Jim says he was one of the first operators in WA to adopt this method of feed delivery.

“I went to International and ordered four eight-ton trucks that were sent to J.B. Engineering in Victoria to have the bodies and pneumatic equipment fitted,” he said.

“The trucks alone cost me 8,000 pounds each and I nearly fell off my chair when the bloke from J.B. told me each body would cost 8,400 pounds!”

This style of feed delivery became the mainstay of the Temples operation and continues to this day, while the vehicles have increased dramatically in size to improve efficiencies and meet the needs of ever larger farms.

The unloading is swift, taking just three minutes per tonne, he said.

This was a major improvement compared to unloading bagged grain into an auger.

Today Jim’s daughter, Karen, is the load scheduler at Temples, ensuring the deliveries are conducted in a timely and efficient manner.

“My aim has always been to foster new ideas and propose better ways to do things which improve efficiencies for our clients,” he said.

“By doing these things I was able to win and keep many contracts over the years because I could do the work more cost effectively and still make a profit.”

The method of delivery for live chickens, when Jim commenced carrying for Diamond Ice, was very different he recalled.

“We bought 16 demountable bodies called Ackerman Trays and we had four rigid trucks which delivered them to the farms,” Jim said.

“After delivering an empty the truck driver would back under a full one and this saved a lot of time.”

Another groundbreaking move came in the late 1970s when Jim opened his own container park, with a capacity of 4,000 containers, at Spearwood, about 12km from the Port of Fremantle.

He explained that this was a particularly volatile era on the WA waterfront with many strikes causing major delays in receiving and delivering containers.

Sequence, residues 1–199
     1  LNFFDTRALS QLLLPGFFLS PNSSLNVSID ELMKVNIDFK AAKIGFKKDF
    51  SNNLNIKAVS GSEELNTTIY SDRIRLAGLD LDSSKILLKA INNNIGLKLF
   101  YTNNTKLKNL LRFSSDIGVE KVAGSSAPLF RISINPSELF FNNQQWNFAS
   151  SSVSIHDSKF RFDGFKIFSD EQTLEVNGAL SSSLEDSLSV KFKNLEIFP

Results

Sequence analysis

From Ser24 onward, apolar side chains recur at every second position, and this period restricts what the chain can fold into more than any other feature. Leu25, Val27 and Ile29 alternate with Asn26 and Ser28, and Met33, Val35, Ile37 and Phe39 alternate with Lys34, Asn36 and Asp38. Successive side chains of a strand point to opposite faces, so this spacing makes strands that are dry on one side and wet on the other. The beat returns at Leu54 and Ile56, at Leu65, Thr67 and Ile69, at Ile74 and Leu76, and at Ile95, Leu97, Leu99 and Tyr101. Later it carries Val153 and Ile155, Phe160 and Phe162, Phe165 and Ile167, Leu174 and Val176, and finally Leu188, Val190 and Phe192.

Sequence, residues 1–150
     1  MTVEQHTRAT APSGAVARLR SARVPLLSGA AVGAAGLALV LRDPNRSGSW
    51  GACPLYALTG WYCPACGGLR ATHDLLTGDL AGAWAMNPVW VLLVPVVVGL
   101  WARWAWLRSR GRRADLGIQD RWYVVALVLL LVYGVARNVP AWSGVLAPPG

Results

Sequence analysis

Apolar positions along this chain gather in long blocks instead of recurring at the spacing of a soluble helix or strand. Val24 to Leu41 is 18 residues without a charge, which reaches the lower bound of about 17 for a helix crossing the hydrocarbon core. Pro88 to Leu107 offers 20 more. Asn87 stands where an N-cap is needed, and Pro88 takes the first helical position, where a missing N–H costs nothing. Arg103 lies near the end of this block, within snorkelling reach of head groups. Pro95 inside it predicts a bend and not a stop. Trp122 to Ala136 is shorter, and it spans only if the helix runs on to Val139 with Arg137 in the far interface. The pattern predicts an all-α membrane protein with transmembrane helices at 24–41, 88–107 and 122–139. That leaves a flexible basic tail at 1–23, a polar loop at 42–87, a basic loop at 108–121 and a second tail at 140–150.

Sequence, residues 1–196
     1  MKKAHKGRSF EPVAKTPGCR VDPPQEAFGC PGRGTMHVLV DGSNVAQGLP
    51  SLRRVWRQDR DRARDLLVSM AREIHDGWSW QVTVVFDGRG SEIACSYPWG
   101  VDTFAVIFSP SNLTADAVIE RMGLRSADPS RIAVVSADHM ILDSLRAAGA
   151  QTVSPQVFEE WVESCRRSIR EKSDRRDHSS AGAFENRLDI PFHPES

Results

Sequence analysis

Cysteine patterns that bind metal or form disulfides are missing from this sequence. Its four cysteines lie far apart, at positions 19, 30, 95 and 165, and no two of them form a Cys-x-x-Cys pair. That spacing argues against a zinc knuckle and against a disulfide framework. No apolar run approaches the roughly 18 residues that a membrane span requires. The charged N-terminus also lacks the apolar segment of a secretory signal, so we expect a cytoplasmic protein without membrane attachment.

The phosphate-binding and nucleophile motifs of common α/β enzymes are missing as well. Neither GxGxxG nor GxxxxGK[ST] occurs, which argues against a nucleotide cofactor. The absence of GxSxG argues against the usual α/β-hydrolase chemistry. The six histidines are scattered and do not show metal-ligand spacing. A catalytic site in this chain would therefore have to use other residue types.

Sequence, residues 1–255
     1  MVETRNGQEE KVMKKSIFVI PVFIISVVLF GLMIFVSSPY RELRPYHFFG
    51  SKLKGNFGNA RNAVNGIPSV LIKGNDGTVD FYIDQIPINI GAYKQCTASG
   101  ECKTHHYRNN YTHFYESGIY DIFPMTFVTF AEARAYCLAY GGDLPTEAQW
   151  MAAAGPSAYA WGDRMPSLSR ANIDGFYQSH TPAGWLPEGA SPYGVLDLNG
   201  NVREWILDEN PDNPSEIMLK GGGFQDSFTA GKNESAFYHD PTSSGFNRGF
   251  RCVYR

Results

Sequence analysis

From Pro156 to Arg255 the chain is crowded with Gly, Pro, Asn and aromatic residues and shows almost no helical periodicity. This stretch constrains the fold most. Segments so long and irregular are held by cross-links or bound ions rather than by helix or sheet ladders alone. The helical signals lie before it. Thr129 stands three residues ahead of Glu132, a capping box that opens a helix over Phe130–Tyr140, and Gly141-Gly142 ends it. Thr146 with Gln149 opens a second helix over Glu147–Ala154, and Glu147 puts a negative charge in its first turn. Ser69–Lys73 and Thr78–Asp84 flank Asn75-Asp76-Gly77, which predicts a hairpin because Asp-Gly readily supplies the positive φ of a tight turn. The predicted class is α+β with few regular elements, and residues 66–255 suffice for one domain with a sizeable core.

“We acquired a large Clark forklift capable of lifting full containers and we installed about 60 power points,” he said.

“At the time ours was the only yard equipped to plug in refrigerated containers.”

With considerable foresight, Jim was prepared to run the terminal 24/7 when necessary and it wasn’t long before he was receiving containers from a range of operators and subsequently delivering them at the most expedient times.

“We had operators hauling containers from the southwest and other outlying areas to our yard and when the port was ready we would deliver them, which gave us additional work,” he said.

“I had a very good relationship with Seatainer Terminals, the main waterfront operator, and we would often deliver containers between midnight and 4am when things were quiet and we’d have a turnaround time of half an hour, compared with two to three hours if you went in willy-nilly.”

During his time operating the container park Jim was also appointed as a Commissioner with the Fremantle Port Authority for a period of four years.

Towards the end of the ‘80s, Jim says Temples was the first company in Australia to introduce a B-double trailer combination, pulled by a twin-steer Volvo prime mover.

He recalls stating at the time that the B-double would go on to become a major force in improving efficiencies in the transport industry.

“I needed to simultaneously carry two 20-tonne containers for a new contract I’d won,” Jim said.

“Howard Porter built the trailers and I was granted a permit to transport the containers from a Western Mining site on a specific route into the port.”

Jim Temple plans to write a book detailing the events and aspects of his life revolving around the transport industry in Western Australia.

Suffice it to say, his various enterprises have made a significant contribution to the industry as a whole – in multiple things that move and shake.